Once the ‘carry’, as this task was referred to, had been completed, and the casualty had been delivered by the stretcher bearers, it was ‘long live the job’, and the job was started all over again, until every last man had been brought in. At one time, Frank had taken a drink of cocoa from an abandoned mug as he passed. It was cold. But the mouthfuls that were left were wonderful. He had let go of the stretcher for just a few seconds before he again took hold of the rough handle, now splintered and blood stained, and followed his team back through the trench and out into the open land, casually studying the sketch map of the area that the medical orderly had devised before the battle.

It was dusk. The smell of cordite and the rotting flesh of decomposing bodies filled the air. They moved on quietly, ignoring their discomfort. When the battle had ended for the infantry, it was only half way through for the stretcher team. A shell landed close to them. They dived for cover onto a ground of mud and corpses. A lonely padre, in his devotion to duty, and a respect for a fellow human being, could be seen tirelessly burying a corpse that was almost complete, and could be recognisable as human. The enemy snipers did not pick him out. He posed no threat. They respected bravery. Blackpool beach, with its healthy, fresh, salty air, was nothing like this. Nothing like this at all.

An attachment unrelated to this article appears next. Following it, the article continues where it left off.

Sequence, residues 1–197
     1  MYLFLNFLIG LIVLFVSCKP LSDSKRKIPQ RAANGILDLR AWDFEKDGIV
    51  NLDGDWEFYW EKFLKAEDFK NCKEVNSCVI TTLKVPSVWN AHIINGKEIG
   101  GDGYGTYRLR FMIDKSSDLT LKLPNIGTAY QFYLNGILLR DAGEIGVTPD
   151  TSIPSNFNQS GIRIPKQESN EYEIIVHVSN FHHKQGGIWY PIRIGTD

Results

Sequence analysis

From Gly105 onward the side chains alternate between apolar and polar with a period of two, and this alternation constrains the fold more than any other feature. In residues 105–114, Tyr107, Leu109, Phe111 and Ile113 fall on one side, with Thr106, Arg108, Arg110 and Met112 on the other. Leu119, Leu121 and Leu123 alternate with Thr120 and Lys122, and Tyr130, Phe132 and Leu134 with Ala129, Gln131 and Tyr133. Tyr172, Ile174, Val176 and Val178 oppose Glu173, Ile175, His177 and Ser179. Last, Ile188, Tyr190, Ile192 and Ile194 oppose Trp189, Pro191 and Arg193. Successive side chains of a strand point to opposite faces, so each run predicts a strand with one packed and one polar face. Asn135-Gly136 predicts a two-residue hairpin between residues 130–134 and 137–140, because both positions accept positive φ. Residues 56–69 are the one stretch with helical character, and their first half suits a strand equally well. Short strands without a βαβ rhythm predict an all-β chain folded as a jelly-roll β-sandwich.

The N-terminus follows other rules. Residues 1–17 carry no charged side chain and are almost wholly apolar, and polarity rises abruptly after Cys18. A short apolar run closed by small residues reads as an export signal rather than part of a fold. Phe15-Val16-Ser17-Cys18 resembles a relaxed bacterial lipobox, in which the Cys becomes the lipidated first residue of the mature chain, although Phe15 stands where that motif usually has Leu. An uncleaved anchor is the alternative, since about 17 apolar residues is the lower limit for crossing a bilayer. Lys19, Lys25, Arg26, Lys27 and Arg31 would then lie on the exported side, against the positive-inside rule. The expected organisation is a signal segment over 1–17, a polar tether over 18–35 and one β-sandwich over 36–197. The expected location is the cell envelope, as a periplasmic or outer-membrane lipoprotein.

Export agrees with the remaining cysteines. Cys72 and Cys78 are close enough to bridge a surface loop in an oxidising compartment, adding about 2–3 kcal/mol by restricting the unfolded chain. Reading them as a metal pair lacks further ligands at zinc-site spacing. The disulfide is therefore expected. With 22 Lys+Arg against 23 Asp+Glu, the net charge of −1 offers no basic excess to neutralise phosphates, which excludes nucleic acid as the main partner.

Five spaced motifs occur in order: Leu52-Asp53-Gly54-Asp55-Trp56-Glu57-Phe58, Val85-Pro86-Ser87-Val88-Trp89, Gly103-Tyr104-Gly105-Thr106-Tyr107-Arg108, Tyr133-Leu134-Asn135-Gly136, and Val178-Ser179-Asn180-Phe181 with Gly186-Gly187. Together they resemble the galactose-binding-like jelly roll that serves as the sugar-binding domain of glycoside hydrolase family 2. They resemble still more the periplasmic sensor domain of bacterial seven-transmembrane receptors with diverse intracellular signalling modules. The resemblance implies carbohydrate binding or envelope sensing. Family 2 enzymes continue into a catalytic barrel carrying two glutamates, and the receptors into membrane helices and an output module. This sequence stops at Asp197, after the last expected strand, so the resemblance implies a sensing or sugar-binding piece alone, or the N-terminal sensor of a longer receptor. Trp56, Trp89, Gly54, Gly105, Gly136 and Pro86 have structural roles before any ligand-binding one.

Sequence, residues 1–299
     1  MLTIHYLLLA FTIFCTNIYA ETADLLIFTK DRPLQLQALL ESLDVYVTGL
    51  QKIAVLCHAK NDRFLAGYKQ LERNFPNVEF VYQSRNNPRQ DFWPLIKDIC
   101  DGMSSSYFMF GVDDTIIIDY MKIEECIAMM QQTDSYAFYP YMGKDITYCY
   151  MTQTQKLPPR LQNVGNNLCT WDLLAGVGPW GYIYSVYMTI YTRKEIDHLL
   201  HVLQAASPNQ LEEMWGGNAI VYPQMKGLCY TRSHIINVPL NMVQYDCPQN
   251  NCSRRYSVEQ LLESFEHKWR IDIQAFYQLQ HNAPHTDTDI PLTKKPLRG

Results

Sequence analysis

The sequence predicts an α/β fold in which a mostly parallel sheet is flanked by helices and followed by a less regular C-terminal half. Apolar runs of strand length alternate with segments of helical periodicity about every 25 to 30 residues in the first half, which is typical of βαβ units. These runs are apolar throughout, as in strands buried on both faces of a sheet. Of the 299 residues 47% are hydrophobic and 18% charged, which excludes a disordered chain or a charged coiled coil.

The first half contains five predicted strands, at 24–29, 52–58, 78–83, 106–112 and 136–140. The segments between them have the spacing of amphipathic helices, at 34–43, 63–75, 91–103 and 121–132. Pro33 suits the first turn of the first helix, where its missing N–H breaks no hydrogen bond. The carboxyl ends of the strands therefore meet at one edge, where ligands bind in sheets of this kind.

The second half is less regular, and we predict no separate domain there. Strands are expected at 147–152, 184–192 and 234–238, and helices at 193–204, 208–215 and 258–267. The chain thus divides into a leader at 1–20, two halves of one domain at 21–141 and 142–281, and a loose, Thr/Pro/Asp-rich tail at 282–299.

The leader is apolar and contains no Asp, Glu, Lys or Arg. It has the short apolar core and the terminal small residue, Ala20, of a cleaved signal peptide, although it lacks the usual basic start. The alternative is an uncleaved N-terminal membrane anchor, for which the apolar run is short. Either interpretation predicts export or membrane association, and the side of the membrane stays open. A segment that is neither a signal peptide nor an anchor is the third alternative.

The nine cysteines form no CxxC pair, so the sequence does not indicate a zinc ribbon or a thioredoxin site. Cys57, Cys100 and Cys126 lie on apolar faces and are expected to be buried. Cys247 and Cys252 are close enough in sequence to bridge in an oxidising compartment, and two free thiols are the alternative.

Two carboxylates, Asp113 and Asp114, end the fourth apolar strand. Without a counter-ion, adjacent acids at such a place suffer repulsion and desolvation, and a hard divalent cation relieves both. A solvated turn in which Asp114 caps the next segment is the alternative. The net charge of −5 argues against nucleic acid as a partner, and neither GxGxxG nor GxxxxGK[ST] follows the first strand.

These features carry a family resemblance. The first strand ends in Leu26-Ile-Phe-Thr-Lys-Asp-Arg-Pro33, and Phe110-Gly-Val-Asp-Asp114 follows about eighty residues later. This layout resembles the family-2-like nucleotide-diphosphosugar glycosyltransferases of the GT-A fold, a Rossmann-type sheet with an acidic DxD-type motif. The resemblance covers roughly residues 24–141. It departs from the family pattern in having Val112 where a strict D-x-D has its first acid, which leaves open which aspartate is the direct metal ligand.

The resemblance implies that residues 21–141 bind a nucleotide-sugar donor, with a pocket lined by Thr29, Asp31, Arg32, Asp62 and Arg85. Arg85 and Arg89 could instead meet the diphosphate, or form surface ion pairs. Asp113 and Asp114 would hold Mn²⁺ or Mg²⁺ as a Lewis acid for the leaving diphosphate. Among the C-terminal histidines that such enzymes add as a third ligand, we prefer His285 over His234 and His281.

Frank survived the War, but his nerves were so severely shaken by the extended experience, that he was unable to lead a normal social life. He was able to work, and laboured on the construction of the new Garstang Rd, eastward out of the town, a relatively easy job now that there were no bullets flying around his ears or shells exploding close by. He didn’t marry, and lived in the cellar at his brother’s boarding house on Palatine Rd until his death in 1964. In later years he is remembered by his niece as a quiet, inoffensive tired, old man gently rocking in a chair by the fireside.

Lance Corporal Wilson, as regimental stretcher bearer (SB), didn’t survive, killed in action while carrying out his duties. He was from Rochdale, where his parents lived.  He was well known in local music circles as a French horn player and was a member of the Philharmonic orchestra. Married, his wife was living at 9, Trafalgar Rd Blackpool at the time of his death on October 7th 1916.

https://www.worldwar1postcards.com/war-wounded-and-the-ramc.php ;-